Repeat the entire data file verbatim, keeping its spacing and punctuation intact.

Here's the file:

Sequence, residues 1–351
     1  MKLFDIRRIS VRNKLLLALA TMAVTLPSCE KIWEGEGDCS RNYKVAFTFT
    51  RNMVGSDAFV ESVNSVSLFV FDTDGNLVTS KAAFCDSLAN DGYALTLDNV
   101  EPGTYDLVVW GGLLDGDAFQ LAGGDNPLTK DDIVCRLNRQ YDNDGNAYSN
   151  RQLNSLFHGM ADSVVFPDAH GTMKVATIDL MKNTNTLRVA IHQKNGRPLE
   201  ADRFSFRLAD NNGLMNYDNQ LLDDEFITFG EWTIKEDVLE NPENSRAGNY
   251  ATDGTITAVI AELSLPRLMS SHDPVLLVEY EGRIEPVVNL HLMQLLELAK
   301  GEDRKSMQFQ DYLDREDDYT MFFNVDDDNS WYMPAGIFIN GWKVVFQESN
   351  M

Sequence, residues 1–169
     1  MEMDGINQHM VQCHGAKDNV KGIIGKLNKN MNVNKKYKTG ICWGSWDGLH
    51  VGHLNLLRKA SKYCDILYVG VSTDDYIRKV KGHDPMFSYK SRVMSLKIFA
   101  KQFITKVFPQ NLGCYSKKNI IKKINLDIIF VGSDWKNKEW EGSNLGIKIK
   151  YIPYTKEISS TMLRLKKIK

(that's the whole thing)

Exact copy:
Sequence, residues 1–351
     1  MKLFDIRRIS VRNKLLLALA TMAVTLPSCE KIWEGEGDCS RNYKVAFTFT
    51  RNMVGSDAFV ESVNSVSLFV FDTDGNLVTS KAAFCDSLAN DGYALTLDNV
   101  EPGTYDLVVW GGLLDGDAFQ LAGGDNPLTK DDIVCRLNRQ YDNDGNAYSN
   151  RQLNSLFHGM ADSVVFPDAH GTMKVATIDL MKNTNTLRVA IHQKNGRPLE
   201  ADRFSFRLAD NNGLMNYDNQ LLDDEFITFG EWTIKEDVLE NPENSRAGNY
   251  ATDGTITAVI AELSLPRLMS SHDPVLLVEY EGRIEPVVNL HLMQLLELAK
   301  GEDRKSMQFQ DYLDREDDYT MFFNVDDDNS WYMPAGIFIN GWKVVFQESN
   351  M

Sequence, residues 1–169
     1  MEMDGINQHM VQCHGAKDNV KGIIGKLNKN MNVNKKYKTG ICWGSWDGLH
    51  VGHLNLLRKA SKYCDILYVG VSTDDYIRKV KGHDPMFSYK SRVMSLKIFA
   101  KQFITKVFPQ NLGCYSKKNI IKKINLDIIF VGSDWKNKEW EGSNLGIKIK
   151  YIPYTKEISS TMLRLKKIK